The Chinese are trying to achieve this capability as well. Soft power and logistics go hand in hand. Air- and sea-transport capabilities not only enable forces to operate in far-flung corners of the world, but also allow a country to maintain a relationship with the base’s host, particularly when it is in need. If the U.S. is complacent, negligent or even arrogant in its dealings with allies and other countries on which it depends for resources or real estate, the PRC will be along presently with gifts and handshakes.

Blake Herzinger, a fellow at the American Enterprise Institute and a U.S. Naval Reserve officer, co-authored a brief for the Washington Institute for Near East Policy stating that the PRC was likely to build on its current facility in Djibouti (essentially its only overseas naval base) to expand its ability to protect its interests in the Gulf of Aden, the Indian Ocean and the Persian Gulf. The base on the Horn of Africa was established in 2017 to support the PLA navy’s contribution to international forces combating Somali pirates.

“In addition to housing intelligence collection equipment, the base was expanded to accommodate the PLAN’s aircraft carriers and amphibious assault ships—capabilities that are unnecessary for combating piracy and were added well after the specter of that threat had receded,” Herzinger wrote. “The PLAN’s interest in acquiring operational footholds in the Indian Ocean and Persian Gulf regions suggests that the Djibouti base will not be the last.”

A recent Rand Corp. report said that China’s motives for securing overseas bases are tied more directly to protecting its own interests, particularly economic ones, than to provoking the U.S. At the same time, China’s efforts to acquire overseas bases support its ambitions as a rising military power on a global scale and could spark “peripheral wars” involving both superpowers. Such conflicts are not likely to remain peripheral for long.

The U.S. should be extremely careful about opposing Chinese efforts to establish bases because such opposition could itself cause instability. Rather, America should remain attentive to its existing and potential friends in a given region while developing capabilities to counter the threats posed by a PLA regional base. This entails expanded deployments of air defense, anti-ship and strike missile systems in addition to signals intelligence gathering.

A controversial aspect of the United States’ relationships with alliance partners and hosts of facilities and personnel is that they’re contingent on the U.S. human rights agenda, which is mainly driven by domestic politics. When campaigning for president, Joe Biden famously reprimanded Saudi Crown Prince Mohammed bin Salman over the latter’s alleged involvement in the murder of regime critic Jamal Khashoggi. The resulting cooling of U.S.-Saudi relations has potentially opened the door for greater Chinese involvement in the Middle East, with ramifications for diplomatic leverage, arms sales and basing of forces.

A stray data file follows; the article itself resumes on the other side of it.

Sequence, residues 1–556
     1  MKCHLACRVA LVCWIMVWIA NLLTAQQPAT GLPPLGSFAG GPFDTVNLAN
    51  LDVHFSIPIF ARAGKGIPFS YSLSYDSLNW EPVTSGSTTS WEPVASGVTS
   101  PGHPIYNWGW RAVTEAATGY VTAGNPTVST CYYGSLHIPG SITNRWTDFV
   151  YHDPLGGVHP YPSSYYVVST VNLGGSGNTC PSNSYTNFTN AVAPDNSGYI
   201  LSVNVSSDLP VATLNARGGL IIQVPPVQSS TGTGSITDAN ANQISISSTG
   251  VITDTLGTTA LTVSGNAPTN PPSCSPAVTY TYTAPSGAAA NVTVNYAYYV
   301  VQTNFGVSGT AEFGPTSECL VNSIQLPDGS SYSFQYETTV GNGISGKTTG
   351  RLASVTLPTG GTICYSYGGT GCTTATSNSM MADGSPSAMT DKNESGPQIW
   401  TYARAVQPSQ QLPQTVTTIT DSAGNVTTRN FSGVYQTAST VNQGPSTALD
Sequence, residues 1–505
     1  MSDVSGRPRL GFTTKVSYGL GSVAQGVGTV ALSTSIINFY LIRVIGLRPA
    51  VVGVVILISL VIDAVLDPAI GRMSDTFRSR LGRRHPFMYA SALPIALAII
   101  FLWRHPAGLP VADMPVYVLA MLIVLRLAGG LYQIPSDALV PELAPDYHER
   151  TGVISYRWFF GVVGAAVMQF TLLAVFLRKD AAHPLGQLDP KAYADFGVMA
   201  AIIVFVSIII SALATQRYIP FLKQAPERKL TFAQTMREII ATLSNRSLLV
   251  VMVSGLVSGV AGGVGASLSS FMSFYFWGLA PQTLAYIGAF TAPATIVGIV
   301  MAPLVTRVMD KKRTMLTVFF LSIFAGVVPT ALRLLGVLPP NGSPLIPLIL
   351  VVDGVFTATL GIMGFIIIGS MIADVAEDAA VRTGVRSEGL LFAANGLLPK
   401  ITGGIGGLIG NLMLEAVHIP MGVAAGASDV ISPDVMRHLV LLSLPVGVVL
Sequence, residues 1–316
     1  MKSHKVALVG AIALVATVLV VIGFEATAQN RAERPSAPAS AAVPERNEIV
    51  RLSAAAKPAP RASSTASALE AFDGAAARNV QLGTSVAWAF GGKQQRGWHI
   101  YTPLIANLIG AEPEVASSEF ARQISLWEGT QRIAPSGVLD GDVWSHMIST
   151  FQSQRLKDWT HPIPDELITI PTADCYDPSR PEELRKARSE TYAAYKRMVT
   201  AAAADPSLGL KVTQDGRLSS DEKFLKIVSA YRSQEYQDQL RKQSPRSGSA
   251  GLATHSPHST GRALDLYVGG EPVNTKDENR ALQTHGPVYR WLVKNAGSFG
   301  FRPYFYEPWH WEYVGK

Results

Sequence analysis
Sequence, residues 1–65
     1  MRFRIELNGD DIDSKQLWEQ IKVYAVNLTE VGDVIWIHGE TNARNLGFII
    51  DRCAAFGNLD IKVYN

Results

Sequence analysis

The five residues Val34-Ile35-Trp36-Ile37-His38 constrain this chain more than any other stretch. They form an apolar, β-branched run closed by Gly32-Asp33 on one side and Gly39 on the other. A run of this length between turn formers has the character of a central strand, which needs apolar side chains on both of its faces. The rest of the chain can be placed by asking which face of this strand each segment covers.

China very specifically makes its diplomatic initiatives with no such humanitarian strings attached (though economic strings are another matter). For example, China was quick to the scene with material and very visible assistance for the Pacific nation of Tonga when the island was hit by a volcanic eruption and tsunami in January 2022. China followed up in May with a visit by its foreign minister, who said, “China’s diplomacy maintains the principle of mutual respect, the tradition of non-interference in internal affairs, and the goal of mutual benefit and win-win results.”

In the 21st-century competition for global influence, there are no “backyards” that can be taken for granted. If the PRC must be dissuaded from its notion that it is entitled to a backyard in the first island chain, the U.S. should remember that it cannot afford to neglect regions it has come to take for granted or see as irrelevant. Chinese diplomats and PLA assets are sure to fill the vacuum and nourish resentments toward the existing world order.

It’s a Small World, But I Wouldn’t Want to Run It

One of the advantages of keeping the Taiwan Strait from boiling over is that staying focused on Taiwan constrains China’s ability to deploy its power overseas. The U.S. has an existing infrastructure of bases and facilities at its disposal. Furthermore, it has cooperated with regional militaries in exercises and even military operations since the end of World War II. The PLA is only in the nascent stages of following suit.

The world is still running on the juice of the Allied victory. Allies in the form of Soviet Russia and riven China preferred to withdraw into their own communist designs rather than participate meaningfully in the international economic and security system. In the interim between the end of World War II and the emergence of outward-looking regimes in Moscow and Beijing, the world built up a vast and overwhelmingly accepted economic, legal and security infrastructure for global commerce and interaction.